The chances that children infected by Covid-19 could die are slim, as underage patients’ symptoms are markedly less acute than in those across other age groups, a promising study has suggested.
The research published in the British Medical Journal (BMJ) involved a cohort of children aged 19 or under who had tested positive for coronavirus and been hospitalized between January and July of this year.
Of the 651 underage cases reviewed across England, Scotland, and Wales, only 18 percent required intensive care, the authors report. Six children – about 1 percent of the total cluster – had died, but they suffered from cardiac anomaly and bacterial sepsis, or were immunosuppressed by chemotherapy that hindered the coronavirus treatment.
Eighty-nine percent of the cohort were eventually discharged from hospital and the remaining 10 percent were undergoing treatment at the time of publication. “Children and young people have less severe acute Covid-19 than adults,” the researchers concluded.
They listed the most common coronavirus symptoms in children admitted to hospital, among them fever, cough, shortness of breath, nausea, and vomiting. Others complained about stomach pain, headache, and a sore throat.
The news will be particularly reassuring for parents wary of sending their children back to school after the summer holiday, or allowing them to leave the home. “It’s vanishingly rare to have severe disease in children,” said Professor Calum Semple, professor of child health and outbreak medicine at the University of Liverpool, and the study’s co-author.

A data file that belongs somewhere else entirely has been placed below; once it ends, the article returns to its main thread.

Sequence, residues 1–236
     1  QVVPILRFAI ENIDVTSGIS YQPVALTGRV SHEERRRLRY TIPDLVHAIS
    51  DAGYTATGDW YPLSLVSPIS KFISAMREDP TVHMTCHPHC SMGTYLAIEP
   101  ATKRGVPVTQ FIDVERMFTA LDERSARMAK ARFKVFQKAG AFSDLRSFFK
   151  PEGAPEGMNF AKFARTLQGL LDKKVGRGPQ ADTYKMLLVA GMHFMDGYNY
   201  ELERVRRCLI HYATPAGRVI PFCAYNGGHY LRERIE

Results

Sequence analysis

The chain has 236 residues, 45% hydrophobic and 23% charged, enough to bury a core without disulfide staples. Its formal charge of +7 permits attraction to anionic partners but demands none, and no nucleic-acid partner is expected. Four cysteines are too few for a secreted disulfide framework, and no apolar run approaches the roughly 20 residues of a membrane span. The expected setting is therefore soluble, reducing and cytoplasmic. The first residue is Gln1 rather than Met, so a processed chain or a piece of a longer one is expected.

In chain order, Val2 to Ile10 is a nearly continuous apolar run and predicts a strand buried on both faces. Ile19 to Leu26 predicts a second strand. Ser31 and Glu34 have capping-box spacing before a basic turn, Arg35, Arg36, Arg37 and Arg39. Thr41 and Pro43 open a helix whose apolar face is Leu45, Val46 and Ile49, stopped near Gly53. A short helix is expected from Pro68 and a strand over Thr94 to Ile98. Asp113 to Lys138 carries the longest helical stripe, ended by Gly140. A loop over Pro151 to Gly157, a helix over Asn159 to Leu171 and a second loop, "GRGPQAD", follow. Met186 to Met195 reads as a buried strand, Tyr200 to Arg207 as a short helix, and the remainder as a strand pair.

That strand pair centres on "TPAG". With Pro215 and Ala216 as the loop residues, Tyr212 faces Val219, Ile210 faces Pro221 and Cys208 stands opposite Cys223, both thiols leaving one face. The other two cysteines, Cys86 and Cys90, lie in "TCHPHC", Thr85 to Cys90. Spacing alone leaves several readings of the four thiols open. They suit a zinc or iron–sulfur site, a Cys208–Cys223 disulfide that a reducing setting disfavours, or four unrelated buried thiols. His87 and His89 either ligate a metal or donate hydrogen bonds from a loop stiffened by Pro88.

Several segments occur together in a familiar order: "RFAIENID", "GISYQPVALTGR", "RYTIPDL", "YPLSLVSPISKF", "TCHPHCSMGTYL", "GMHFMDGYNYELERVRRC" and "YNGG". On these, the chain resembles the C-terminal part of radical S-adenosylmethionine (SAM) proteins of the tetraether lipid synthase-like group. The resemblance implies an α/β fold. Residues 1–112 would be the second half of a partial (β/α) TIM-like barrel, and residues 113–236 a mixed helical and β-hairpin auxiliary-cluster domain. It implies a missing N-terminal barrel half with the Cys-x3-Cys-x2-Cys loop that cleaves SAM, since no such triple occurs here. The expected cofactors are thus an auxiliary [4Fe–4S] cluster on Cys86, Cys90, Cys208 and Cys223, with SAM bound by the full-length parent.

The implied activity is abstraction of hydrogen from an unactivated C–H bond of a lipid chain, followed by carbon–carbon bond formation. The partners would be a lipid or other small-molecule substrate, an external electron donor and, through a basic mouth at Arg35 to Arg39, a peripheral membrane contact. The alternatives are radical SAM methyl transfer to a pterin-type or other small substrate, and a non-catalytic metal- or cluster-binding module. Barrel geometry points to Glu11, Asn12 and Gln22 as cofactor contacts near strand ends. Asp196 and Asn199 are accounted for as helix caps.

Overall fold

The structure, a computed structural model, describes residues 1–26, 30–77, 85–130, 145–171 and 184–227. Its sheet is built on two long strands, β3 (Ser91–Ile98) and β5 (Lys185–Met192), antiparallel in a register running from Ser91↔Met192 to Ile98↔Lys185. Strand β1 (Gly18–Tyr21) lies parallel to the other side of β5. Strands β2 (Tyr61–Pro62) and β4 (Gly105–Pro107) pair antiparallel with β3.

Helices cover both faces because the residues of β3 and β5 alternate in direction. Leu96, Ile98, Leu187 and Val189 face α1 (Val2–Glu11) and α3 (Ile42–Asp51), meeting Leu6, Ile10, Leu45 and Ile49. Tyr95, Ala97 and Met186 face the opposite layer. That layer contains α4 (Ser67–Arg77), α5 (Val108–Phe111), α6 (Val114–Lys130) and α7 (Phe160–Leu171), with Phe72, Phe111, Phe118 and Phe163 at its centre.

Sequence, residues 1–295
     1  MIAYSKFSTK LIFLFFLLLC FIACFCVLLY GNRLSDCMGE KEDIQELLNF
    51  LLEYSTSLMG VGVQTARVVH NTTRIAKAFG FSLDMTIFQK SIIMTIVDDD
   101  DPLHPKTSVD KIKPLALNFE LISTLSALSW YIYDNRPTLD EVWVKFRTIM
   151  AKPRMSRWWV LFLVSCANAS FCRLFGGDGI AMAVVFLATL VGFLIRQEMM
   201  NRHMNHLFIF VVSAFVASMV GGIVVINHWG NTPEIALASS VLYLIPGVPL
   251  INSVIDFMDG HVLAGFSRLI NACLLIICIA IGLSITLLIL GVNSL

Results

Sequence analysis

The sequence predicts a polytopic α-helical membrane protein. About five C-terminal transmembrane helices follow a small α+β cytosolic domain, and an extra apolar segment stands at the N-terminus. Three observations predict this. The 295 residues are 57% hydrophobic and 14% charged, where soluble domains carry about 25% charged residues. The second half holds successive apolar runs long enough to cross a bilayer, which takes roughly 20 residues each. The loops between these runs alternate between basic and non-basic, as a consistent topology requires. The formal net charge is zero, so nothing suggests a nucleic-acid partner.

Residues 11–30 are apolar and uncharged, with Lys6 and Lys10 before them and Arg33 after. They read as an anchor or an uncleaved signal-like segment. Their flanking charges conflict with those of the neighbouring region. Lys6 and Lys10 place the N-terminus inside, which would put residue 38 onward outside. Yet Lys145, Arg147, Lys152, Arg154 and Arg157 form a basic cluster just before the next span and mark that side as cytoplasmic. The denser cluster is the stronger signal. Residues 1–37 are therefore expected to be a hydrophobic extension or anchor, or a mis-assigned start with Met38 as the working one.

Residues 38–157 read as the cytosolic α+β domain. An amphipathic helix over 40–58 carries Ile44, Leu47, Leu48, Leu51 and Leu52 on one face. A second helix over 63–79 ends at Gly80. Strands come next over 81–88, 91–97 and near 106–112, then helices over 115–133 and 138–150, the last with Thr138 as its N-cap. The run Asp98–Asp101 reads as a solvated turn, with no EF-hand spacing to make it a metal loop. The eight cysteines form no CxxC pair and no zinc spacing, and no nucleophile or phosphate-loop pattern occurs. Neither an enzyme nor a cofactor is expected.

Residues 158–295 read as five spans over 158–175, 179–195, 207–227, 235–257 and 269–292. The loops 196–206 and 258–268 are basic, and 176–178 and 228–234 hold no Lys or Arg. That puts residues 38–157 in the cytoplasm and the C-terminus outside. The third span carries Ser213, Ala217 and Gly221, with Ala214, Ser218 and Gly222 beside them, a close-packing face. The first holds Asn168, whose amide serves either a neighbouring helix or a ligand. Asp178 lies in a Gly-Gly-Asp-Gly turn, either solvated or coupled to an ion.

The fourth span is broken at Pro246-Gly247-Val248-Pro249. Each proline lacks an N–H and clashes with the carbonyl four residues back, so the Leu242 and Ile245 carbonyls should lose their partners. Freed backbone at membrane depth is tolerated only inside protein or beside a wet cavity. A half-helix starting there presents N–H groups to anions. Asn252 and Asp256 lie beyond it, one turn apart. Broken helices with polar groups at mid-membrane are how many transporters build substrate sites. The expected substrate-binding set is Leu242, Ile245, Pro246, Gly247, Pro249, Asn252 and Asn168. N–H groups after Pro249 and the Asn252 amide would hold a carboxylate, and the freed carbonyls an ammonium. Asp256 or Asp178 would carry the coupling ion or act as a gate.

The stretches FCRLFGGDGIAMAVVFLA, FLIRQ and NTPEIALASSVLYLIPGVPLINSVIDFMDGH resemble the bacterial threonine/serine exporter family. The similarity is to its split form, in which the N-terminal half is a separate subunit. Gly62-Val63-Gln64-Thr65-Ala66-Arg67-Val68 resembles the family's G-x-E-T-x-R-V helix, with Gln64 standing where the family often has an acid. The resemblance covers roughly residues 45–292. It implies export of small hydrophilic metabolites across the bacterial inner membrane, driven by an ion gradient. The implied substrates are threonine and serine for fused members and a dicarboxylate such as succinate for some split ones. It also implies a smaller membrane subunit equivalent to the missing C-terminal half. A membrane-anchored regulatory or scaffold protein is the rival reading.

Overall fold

Notably, researchers found that being obese or black increases the risk of acute coronavirus, but to less of an extent than previously thought. “If you’re a black parent in Glasgow or London, your kids should still go back to school,” Semple assured.
Questions about child transmission have been raised over the past weeks and months, and the BMJ study seems to reinforce a hypothesis that Covid-19 symptoms are less severe in children. The European Centre for Disease Prevention and Control suggests children “are much less likely to be hospitalized or have fatal outcomes than adults.”
“Those that do get sick tend to experience milder symptoms such as low-grade fever, fatigue, and cough,” adds Harvard Medical School. Some minors have had severe complications, “but this has been less common,” it clarified.
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